Posted on 09/15/14 at 3:12pm

Grants of up to $2,500 for arts-related equipment or supplies to be used in schools are available through Michigan Youth Arts with assistance from the Michigan Council for Arts and Cultural Affairs (MCACA). "Art Equipment & Supplies Grant" applies to performing arts subjects like instrumental music, vocal music, theatre, dance, creative writing, media arts, special education and more.

Posted on 09/15/14 at 3:11pm

State Board of Education (SBE) members are looking for someone with experience in education-perhaps a former local superintendent or teacher-to be the next state superintendent of instruction. Their search is expected to be completed by January 2015, well ahead of current Superintendent Mike Flanagan's retirement in July 2015.

Posted on 09/15/14 at 3:09pm

On Wednesday, Sept. 24, NEA President Lily Eskelsen Garcia is making Michigan a stop on her Back to School Tour! Location details are still being finalized, but put the date on your calendar.

Posted on 09/09/14 at 12:17pm

recent EPIC-MRA poll of 600 likely voters showed that 82 percent of them believe that for-profit management companies should be required to publicly explain how they're spending the $1 billion in taxpayer dollars they're getting from the state.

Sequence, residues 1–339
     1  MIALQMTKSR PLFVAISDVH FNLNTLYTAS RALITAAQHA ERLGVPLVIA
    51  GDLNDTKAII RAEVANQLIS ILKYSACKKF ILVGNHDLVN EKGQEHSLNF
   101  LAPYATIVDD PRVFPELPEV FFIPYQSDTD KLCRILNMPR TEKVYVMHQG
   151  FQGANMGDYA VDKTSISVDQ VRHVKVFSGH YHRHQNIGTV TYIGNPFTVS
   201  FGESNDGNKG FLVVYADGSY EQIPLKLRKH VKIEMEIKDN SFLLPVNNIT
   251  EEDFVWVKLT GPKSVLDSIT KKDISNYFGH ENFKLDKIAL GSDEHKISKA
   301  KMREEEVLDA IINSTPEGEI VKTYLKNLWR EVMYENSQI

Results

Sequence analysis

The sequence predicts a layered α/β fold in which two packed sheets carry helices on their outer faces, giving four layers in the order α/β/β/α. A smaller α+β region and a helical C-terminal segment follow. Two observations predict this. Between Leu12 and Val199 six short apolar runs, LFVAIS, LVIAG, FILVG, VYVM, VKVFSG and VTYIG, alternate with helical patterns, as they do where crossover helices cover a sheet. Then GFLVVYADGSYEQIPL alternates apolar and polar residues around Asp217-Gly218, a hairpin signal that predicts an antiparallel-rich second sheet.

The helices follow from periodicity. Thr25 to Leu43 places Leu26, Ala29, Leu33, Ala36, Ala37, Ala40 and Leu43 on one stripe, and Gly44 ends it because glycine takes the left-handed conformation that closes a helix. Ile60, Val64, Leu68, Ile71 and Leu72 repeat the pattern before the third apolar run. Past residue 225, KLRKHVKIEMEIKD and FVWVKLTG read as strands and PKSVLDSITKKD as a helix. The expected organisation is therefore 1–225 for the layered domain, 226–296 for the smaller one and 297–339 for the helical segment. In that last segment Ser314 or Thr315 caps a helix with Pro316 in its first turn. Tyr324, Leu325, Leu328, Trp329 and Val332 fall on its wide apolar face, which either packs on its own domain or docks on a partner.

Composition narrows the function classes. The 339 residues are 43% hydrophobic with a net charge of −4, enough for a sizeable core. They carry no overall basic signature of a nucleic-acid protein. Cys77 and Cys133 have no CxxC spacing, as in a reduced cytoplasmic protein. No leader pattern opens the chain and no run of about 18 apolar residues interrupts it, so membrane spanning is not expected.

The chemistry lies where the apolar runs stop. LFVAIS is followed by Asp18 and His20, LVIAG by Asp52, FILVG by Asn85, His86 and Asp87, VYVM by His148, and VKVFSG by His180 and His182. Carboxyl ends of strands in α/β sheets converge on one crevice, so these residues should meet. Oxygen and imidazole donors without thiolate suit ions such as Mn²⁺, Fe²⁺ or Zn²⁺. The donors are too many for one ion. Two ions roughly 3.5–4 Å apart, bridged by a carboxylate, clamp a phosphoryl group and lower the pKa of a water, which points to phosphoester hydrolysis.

Posted on 09/09/14 at 12:20pm

NEA's Works4Me is a free weekly newsletter with practical classroom tips written by teachers for teachers. There are tips and best ideas on classroom management, teaching techniques, curriculum, content, and more. When you sign up to receive the newsletter, you'll join other Michigan teachers who have already provided tips and suggestions.  

Posted on 09/09/14 at 12:21pm

The California's Teachers Association (CTA) and the California Federation of Teachers (CFT) have appealed the Los Angeles Superior Court's decision to strip state educators of their tenure rights. The action by the teacher unions follows a similar appeal by the State of California and California Gov. Jerry Brown

1 percent health claims tax approved by Legislature

On the same day legislators approved SB 7, which capped public employers' health insurance contributions and shifted thousands of dollars in benefit costs to public employees, it also rammed through two bills increasing the cost of health insurance for all Michigan citizens, including those same public employees.

MDE releases school rankings, Persistently Low Achieving Schools list

On Friday, the Michigan Department of Education released two school ranking lists that continue to pit schools and districts against each other based on high-stakes standardized test scores.

Court restores first amendment rights to CMU faculty

CMU faculty’s first amendment rights were restored today by Judge Paul H. Chamberlain after the university filed an injunction to end the FA’s work stoppage on Monday.

“This is a win for the faculty and the students at CMU,” said Laura Frey, CMU FA President. “We had our day in court, and thanks to the insight and fairness of Judge Chamberlain, we prevailed.”

English Language Learners (ELL)/Migrant Education Committee

 

Start Date

6 members/staggered by 2’s

 

2010